We were all impressed by the resilience of the batey workers and their families. The conditions in the little town were quite different from what even the least fortunate of us were used to at home. The workers’ small, cinder block homes were just a few dozen square feet, and most had only leaky tin roofs to keep out the occasional torrential rainstorm. The only running water came from a single faucet connected to the aforementioned steel-drum water towers, but this water is unreliable and often unsafe. Consequently, most of the families we met had a small in-home water purification system to supply clean water. 


And these water purifiers were what brought us out to the bateyes today. With the guidance of our translator (a member of El Bueno Samaritano, the humanitarian organization that provides the batey workers with these water filters) we performed some routine checks on the filters, and repaired a few that had become damaged or clogged. Tomorrow, we will graduate to installing some of the 20 new water purifiers that our trip has helped to buy. 


While half of our group checked filters, the other half engaged with the charming and lively children of the batey. As our bus drove in, a group of children spontaneously broke into dance, and ran to meet us as we disembarked. True to the stories we had been told, the children of Santa Rosa love visitors, and a group of two dozen or so followed us everywhere. The wide eyes of the kids when we showed them some of the small things we had brought them--baseballs, gum, candy, and hairbands--instantly made our many months of work and planning worth it. Ernie joined a few children in a game of catch. I was delighted to learn that snapping and armpit farts have considerable appeal. And Jurnee, Emily, and Jamee each rolled around the batey with a coterie of girls.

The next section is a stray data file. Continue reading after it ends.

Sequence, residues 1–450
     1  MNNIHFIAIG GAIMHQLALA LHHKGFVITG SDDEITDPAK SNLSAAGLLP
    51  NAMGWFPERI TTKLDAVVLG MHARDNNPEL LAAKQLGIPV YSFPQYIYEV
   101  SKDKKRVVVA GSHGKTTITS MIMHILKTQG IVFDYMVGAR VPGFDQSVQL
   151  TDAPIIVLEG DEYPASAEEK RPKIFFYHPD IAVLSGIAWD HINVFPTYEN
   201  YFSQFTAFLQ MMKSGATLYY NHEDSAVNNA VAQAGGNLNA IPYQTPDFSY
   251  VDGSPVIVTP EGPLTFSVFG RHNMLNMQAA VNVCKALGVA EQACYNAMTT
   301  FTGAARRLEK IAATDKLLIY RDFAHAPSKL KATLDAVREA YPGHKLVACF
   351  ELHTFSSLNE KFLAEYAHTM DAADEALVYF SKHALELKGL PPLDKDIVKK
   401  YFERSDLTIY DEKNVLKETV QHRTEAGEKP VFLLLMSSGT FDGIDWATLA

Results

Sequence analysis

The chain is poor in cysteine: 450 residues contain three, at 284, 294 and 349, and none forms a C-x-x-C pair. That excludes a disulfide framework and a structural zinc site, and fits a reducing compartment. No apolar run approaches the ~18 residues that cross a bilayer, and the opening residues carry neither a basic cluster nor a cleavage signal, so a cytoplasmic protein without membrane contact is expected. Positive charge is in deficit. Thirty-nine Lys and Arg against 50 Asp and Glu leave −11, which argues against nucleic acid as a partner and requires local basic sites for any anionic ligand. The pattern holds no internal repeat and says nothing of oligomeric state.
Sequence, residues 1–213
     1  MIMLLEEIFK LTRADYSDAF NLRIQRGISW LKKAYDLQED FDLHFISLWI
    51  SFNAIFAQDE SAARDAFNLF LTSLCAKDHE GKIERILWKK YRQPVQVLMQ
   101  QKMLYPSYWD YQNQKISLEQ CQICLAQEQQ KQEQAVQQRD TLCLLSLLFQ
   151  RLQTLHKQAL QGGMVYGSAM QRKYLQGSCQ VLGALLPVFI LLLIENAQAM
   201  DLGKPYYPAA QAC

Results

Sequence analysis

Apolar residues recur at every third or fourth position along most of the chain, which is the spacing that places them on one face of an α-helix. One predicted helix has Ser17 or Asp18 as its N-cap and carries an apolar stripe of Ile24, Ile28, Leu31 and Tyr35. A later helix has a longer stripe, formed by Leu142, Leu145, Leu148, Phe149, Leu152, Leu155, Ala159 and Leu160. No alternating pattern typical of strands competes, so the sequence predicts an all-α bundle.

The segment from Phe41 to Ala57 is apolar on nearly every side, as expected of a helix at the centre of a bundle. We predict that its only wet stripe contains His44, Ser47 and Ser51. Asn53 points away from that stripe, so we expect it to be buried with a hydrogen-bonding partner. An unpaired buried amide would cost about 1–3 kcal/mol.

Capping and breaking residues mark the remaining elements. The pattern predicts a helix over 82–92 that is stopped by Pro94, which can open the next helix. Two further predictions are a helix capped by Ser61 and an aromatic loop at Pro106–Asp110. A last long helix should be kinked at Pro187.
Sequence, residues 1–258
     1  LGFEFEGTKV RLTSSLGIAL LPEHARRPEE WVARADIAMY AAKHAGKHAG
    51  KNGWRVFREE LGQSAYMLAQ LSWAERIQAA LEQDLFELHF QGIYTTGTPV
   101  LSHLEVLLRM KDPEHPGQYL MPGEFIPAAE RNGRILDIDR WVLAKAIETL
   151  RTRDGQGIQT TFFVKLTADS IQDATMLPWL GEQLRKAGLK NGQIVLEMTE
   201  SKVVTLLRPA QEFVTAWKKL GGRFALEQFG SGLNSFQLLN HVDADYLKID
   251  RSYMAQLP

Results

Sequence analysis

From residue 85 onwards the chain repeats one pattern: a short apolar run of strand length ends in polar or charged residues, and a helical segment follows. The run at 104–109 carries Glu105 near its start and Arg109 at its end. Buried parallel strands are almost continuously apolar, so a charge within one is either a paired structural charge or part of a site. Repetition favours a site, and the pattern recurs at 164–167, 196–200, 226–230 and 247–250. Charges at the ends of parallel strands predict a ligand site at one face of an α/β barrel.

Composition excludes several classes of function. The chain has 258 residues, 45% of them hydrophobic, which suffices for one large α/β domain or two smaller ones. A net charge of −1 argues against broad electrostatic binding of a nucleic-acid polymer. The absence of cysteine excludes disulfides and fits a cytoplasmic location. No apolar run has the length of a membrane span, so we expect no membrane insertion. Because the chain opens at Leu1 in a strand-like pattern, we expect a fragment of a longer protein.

After several hours in Santa Rosa, we returned to the mission, ate a delicious meal of pork, rice, and beans, and then played a rowdy game of basketball with some locals. We all look forward to a day of hard, rewarding work tomorrow. 


--Max 



blog comments powered by Disqus

Ah, the good ol' days in the Portland airport. Here, Marie and Page share their excitement. Here in the D.R., they continue to be excited. They are wonderful people.

About Me


I'm a teacher at the REAL school on Mackworth Island in Falmouth, Maine. The REAL school is an alternative school working with at risk youth and dedicated to the philosophy that learning happens best when doing. Service learning is a large part of what we do with local, national as well as international service trips happening on an on-going basis.

Blog Archive

 
Make a Free Website with Yola.